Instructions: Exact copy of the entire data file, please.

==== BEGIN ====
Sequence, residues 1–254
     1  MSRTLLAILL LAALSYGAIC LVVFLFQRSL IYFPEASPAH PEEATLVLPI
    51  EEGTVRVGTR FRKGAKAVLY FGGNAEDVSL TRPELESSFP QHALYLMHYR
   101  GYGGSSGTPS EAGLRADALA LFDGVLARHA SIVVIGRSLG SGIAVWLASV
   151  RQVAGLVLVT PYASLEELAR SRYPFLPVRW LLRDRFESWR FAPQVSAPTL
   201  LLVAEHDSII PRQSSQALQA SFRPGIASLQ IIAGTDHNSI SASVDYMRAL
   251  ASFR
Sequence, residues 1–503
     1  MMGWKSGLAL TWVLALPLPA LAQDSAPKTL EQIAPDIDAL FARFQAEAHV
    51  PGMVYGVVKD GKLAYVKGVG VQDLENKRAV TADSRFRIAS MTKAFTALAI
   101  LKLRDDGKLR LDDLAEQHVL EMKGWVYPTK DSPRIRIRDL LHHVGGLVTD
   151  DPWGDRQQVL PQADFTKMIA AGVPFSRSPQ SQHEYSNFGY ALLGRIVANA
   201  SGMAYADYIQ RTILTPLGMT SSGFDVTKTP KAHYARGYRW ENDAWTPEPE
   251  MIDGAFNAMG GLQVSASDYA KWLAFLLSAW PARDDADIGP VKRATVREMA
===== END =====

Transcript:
Sequence, residues 1–254
     1  MSRTLLAILL LAALSYGAIC LVVFLFQRSL IYFPEASPAH PEEATLVLPI
    51  EEGTVRVGTR FRKGAKAVLY FGGNAEDVSL TRPELESSFP QHALYLMHYR
   101  GYGGSSGTPS EAGLRADALA LFDGVLARHA SIVVIGRSLG SGIAVWLASV
   151  RQVAGLVLVT PYASLEELAR SRYPFLPVRW LLRDRFESWR FAPQVSAPTL
   201  LLVAEHDSII PRQSSQALQA SFRPGIASLQ IIAGTDHNSI SASVDYMRAL
   251  ASFR
Sequence, residues 1–503
     1  MMGWKSGLAL TWVLALPLPA LAQDSAPKTL EQIAPDIDAL FARFQAEAHV
    51  PGMVYGVVKD GKLAYVKGVG VQDLENKRAV TADSRFRIAS MTKAFTALAI
   101  LKLRDDGKLR LDDLAEQHVL EMKGWVYPTK DSPRIRIRDL LHHVGGLVTD
   151  DPWGDRQQVL PQADFTKMIA AGVPFSRSPQ SQHEYSNFGY ALLGRIVANA
   201  SGMAYADYIQ RTILTPLGMT SSGFDVTKTP KAHYARGYRW ENDAWTPEPE
   251  MIDGAFNAMG GLQVSASDYA KWLAFLLSAW PARDDADIGP VKRATVREMA